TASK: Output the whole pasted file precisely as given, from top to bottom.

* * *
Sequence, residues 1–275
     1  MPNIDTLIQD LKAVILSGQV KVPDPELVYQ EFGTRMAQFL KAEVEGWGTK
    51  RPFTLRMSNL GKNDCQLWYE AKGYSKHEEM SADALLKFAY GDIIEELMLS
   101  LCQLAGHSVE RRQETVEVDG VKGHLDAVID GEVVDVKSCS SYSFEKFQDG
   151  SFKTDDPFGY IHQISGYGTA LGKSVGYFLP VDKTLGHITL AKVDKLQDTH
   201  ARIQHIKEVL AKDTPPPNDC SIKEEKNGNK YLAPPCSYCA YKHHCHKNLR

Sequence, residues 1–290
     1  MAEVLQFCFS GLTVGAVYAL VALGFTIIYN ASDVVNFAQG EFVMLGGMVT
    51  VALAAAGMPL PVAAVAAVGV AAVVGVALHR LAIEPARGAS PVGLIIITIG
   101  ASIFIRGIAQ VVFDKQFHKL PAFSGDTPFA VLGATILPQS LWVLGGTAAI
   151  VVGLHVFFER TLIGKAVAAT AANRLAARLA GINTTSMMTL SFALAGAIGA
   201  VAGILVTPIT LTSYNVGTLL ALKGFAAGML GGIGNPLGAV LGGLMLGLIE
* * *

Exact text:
Sequence, residues 1–275
     1  MPNIDTLIQD LKAVILSGQV KVPDPELVYQ EFGTRMAQFL KAEVEGWGTK
    51  RPFTLRMSNL GKNDCQLWYE AKGYSKHEEM SADALLKFAY GDIIEELMLS
   101  LCQLAGHSVE RRQETVEVDG VKGHLDAVID GEVVDVKSCS SYSFEKFQDG
   151  SFKTDDPFGY IHQISGYGTA LGKSVGYFLP VDKTLGHITL AKVDKLQDTH
   201  ARIQHIKEVL AKDTPPPNDC SIKEEKNGNK YLAPPCSYCA YKHHCHKNLR

Sequence, residues 1–290
     1  MAEVLQFCFS GLTVGAVYAL VALGFTIIYN ASDVVNFAQG EFVMLGGMVT
    51  VALAAAGMPL PVAAVAAVGV AAVVGVALHR LAIEPARGAS PVGLIIITIG
   101  ASIFIRGIAQ VVFDKQFHKL PAFSGDTPFA VLGATILPQS LWVLGGTAAI
   151  VVGLHVFFER TLIGKAVAAT AANRLAARLA GINTTSMMTL SFALAGAIGA
   201  VAGILVTPIT LTSYNVGTLL ALKGFAAGML GGIGNPLGAV LGGLMLGLIE